Government rejects calls to posthumously pardon men convicted of homosexuality
The government has rejected calls for convictions for homosexual acts to be posthumously disregarded.
Liberal Democrat peer Lord Sharkey had tabled an amendment, but it was withdrawn last night following protests by the government.
Justice Minister Lord Faulks said such an amendment would introduce a “disproportionate burden” on the police and Home Office.
Turing was prosecuted for gross indecency in 1952, after having a relationship with another man.
He killed himself in 1954, two years after being sentenced to chemical castration for being gay.
Lord Sharkey said 75,000 men were convicted of homosexual acts under laws repealed in the 1960s.
Legislation passed in 2012, gave 16,000 of them still alive the right to apply to have their convictions disregarded.
But this left 59,000 similarly convicted but now dead unable to get such redress.
Referencing a Pet Shop Boys produced song honouring Alan Turing, which will be performed next Wednesday at the Royal Albert Hall, Lord Sharkey told peers: “Under the dreadful Labouchère amendment of 1885 and other equally dreadful laws, 75,000 men were convicted of homosexual acts.”
He added: “Our amendment simply sets out to give equal treatment to all those gay men convicted under the cruel and homophobic Labouchère amendment and other Acts. It sets out to treat the dead and the living equally.
“It would bring closure to an extremely unhappy period in our criminal law. It would give comfort to the relatives, friends and supporters of those gay men convicted but now dead. It would help to put right a serious historical injustice.”
Conservative peer Lord Black of Brentwood signalled his support for the amendment, suggesting it was wrong to treat the dead differently from those still alive. He also praised the role of PinkNews.
The peer said: “If it is right that those who are alive can have quashed, under the Protection of Freedoms Act, convictions for a range of what were once sexual offences between consenting adults of the same sex, why cannot those who died before the law caught up with changes in society? To make a distinction between the living and the dead in this way seems to me to be wholly irrational.”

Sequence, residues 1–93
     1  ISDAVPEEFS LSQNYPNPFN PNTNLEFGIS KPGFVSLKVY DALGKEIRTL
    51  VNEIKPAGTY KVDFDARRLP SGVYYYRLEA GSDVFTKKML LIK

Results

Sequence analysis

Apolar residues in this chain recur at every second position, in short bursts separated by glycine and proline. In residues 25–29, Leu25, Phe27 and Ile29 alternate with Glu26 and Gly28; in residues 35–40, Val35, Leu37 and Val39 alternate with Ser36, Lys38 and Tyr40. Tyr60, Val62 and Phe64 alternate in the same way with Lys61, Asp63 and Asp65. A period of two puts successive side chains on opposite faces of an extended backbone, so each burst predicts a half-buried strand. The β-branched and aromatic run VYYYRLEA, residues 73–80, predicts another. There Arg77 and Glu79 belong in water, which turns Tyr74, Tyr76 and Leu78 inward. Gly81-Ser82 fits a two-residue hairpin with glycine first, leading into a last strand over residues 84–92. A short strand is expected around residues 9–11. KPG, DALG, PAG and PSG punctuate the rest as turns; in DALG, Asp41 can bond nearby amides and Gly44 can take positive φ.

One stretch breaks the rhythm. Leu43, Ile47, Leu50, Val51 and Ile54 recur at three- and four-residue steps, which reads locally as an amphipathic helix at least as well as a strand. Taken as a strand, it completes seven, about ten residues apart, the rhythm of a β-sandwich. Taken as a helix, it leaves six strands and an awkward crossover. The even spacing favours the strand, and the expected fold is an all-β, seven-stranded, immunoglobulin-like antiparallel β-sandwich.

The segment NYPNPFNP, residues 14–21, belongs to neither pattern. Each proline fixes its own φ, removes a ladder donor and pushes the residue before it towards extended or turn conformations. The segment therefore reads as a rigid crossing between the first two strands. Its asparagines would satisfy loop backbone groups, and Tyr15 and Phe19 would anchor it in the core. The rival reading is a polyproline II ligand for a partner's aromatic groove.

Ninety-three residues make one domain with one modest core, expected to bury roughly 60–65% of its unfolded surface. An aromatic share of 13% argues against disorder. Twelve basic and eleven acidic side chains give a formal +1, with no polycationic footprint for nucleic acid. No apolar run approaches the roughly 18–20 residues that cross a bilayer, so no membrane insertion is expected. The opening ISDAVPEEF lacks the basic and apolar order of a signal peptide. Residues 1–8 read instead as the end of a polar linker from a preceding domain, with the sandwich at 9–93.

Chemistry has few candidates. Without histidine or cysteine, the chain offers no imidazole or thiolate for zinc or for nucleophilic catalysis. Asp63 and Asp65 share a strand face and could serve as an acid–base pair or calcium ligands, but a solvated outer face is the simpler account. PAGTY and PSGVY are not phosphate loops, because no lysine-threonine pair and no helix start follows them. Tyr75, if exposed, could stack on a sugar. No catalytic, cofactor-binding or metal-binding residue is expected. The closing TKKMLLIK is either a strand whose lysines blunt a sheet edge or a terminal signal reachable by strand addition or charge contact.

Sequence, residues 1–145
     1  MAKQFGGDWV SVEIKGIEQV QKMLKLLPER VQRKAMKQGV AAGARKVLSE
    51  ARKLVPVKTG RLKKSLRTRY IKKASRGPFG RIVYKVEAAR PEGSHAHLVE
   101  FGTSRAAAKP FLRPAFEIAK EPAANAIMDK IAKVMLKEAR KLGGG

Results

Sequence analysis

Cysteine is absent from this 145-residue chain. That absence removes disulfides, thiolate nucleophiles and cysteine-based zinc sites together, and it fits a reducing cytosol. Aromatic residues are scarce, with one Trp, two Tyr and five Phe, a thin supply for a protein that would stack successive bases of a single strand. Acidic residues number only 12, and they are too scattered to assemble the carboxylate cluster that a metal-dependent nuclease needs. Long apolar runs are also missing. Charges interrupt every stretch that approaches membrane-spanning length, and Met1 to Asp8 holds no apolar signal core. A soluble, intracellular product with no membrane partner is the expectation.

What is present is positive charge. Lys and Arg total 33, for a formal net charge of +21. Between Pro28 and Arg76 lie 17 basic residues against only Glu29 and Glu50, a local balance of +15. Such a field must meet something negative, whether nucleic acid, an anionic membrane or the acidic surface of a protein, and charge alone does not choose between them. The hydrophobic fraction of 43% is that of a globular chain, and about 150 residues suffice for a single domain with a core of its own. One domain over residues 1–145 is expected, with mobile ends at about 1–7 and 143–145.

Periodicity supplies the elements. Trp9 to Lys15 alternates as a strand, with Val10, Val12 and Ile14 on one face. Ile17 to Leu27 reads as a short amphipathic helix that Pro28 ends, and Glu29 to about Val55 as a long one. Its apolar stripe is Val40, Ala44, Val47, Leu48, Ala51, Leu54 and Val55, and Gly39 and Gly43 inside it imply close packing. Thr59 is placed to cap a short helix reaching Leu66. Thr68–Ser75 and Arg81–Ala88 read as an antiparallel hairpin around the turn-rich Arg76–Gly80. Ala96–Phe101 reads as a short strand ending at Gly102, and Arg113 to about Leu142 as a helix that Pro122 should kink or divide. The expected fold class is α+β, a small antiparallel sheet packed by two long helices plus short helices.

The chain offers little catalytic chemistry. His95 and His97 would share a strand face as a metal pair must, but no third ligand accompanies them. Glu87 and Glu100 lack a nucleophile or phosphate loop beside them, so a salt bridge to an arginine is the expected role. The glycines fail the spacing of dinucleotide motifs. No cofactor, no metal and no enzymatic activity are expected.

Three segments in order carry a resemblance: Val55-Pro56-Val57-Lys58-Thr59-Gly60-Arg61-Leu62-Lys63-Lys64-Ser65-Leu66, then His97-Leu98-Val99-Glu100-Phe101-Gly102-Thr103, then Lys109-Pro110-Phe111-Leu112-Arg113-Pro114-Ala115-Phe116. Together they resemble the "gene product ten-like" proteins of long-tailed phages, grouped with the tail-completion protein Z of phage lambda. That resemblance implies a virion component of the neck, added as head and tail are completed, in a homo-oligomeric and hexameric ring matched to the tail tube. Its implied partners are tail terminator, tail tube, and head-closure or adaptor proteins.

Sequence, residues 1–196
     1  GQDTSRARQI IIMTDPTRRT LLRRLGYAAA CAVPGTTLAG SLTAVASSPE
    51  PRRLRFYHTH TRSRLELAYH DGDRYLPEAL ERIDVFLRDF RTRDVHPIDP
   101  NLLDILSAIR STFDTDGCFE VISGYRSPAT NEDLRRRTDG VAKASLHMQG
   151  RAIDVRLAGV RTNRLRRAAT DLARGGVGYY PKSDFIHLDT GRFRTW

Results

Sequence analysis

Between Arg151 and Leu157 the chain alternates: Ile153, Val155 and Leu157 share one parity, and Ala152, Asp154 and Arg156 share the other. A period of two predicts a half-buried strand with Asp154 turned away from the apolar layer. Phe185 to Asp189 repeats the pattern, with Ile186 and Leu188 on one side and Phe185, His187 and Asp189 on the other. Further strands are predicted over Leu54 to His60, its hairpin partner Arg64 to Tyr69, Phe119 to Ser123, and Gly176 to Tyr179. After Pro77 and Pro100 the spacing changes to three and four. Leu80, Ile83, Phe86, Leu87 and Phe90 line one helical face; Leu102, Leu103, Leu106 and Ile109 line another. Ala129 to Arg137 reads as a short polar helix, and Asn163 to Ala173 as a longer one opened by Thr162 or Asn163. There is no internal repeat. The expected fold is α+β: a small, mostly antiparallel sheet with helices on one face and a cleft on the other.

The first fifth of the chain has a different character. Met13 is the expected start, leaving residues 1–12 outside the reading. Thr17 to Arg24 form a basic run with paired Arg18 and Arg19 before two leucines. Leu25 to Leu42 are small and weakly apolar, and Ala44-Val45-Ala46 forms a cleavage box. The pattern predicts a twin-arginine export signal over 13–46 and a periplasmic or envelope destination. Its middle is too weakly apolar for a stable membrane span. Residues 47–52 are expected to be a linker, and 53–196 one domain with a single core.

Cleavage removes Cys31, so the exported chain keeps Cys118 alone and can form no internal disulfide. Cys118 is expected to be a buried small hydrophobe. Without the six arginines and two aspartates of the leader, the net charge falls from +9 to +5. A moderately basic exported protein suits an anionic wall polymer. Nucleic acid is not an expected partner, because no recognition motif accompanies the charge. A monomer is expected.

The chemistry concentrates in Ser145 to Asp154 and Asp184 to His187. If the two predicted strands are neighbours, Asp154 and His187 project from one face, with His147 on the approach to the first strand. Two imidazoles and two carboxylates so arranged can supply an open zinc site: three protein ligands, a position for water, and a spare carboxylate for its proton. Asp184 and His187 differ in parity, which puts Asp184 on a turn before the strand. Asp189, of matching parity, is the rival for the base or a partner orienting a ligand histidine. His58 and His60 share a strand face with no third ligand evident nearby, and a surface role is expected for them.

Lord Black continued: “Second is the question of equity and fairness. It is absolutely right that a pardon was granted to Alan Turing, whose tragic case served to highlight the plight of those who had criminal records for acts that should never have been crimes. However, what of the families and decedents of ordinary people?
“As the noble Lord (Sharkey) said, there were up to 60,000 of them over the many generations when a sexual act between men was an offence. Benjamin Cohen, the campaigning publisher of PinkNews, which does so much to stand up for the rights of the gay community, made the point well in a letter to me:
‘Almost as soon as the Protection of Freedoms Bill was passed, PinkNews readers questioned why those who had passed away could never have their name cleared, and the royal pardon granted to Alan Turing also posed many questions. Why him and not others, and not just famous people like Oscar Wilde?’”
Lord Black added: “That question needs to be answered. The noble Lord’s amendment does just that.”
Support also came from Labour peers Lord Faulkner of Worcester and Lord Beecham who both spoke out in favour of the amendment.
But it was withdrawn after Justice Minister Lord Faulks said such an amendment would introduce a “disproportionate burden” on public resources at a time of limited resources, which could not be justified.
“The government are concerned this would place a disproportionate burden on existing resources at the Home Office and on the police service. “
He added: “I appreciate that there is a feeling that something ought to be done to right an historic injustice.”
Lord Sharkey branded Lord Faulks’ response “legalistic and mean-spirited”.